MORGANTOWN, W.Va. – The $1.2 trillion infrastructure bill has been signed into law and is expected to offer funding opportunities for the proposed Virgin Hyperloop One project in West Virginia.
Executive Director of Vantage Ventures at WVU Sarah Biller said they will compete for infrastructure money with traditional rail services as an “emerging technology.”
Hyperloop technology would transport people or cargo in pods at more than 600-miles-per-hour.
A $500 million hyperloop certification center was proposed to be built on 800 acres in Grant and Tucker Counties in October of 2020. The online announcement was made by Sir Richard Branson, founder of the Virgin Group, and John Chambers, a West Virginia native and former chairman of Cisco Systems and U.S. Transportation Secretary Elaine Chao.
“Whether it’s through the Consolidated Rail Infrastructure and Safety Improvement program (CRISI) $5 billion allocated to it,” Biller said. “Or the Federal Rail Administration where we see $56 billion in funding.”
Biller said work is underway now to prepare the first of what will be many grant applications.
“As early as this Friday we’ll submit a grant that will enable the baseline funding and anchor our private partners to us,” Biller said. “To begin seeing West Virginia as a place where advanced surface transportation has a home.”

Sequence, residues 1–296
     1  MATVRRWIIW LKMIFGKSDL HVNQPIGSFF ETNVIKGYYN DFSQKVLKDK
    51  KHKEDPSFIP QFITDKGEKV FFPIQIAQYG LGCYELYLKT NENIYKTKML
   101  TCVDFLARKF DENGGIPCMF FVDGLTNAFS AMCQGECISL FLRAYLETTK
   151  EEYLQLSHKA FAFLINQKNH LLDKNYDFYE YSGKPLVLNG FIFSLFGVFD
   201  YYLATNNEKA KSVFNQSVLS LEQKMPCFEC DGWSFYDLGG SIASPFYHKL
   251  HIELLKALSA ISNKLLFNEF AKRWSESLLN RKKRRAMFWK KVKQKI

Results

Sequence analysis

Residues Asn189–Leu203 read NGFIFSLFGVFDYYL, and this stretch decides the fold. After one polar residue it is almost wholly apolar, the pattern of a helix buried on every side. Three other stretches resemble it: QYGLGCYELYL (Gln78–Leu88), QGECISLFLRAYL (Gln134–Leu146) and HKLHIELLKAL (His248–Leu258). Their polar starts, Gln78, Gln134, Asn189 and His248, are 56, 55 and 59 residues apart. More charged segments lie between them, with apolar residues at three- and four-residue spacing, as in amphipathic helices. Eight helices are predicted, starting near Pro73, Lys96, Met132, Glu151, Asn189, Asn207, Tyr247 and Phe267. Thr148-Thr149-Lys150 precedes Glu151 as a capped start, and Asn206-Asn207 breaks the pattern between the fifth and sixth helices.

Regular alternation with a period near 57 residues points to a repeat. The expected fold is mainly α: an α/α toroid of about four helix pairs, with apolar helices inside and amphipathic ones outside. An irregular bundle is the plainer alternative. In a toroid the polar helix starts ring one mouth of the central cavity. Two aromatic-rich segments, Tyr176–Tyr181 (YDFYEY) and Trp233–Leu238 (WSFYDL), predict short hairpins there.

The technology was successfully tested with passengers in a 500-meter vacuum tube outside Las Vegas in November of 2020. Company officials said the technology would reduce travel time between New York and Washington D.C. to about 30 minutes.
Biller said their first grant application will show the important role hyperloop technology could play in the supply chain.
“The use of a hyperloop system to more efficiently move perishable goods and most importantly that would be food,” Biller said. “We do that because we see West Virginia has a role in closing the food insecurity gap ion the country.”
West Virginia was initially selected from 17 other possible sites. At the time, CEO of Virgin Hyperloop One noted the partnerships created to develop the presentation that ultimately brought the center to West Virginia.
“We think we have a significant leg up because of the way the state- from our public partners, our private sector and academic sector came together around hyperloop, but we still have to compete,” Biller said.
The certification center includes a five mile test track that develop standards for speed, turns and elevation changes. The site will also include an operations, maintenance and safety training center. The project and certification center is expected to create thousand s of jobs and provide $48 million annual economic impact when completed.
“A new form of efficiency in a way that also reduces the carbon footprint of transportation,” Biller said. “And also, helps us advance other innovations in adjacent industry.”
The project will also present advanced learning opportunities for students at WVU and Marshall University.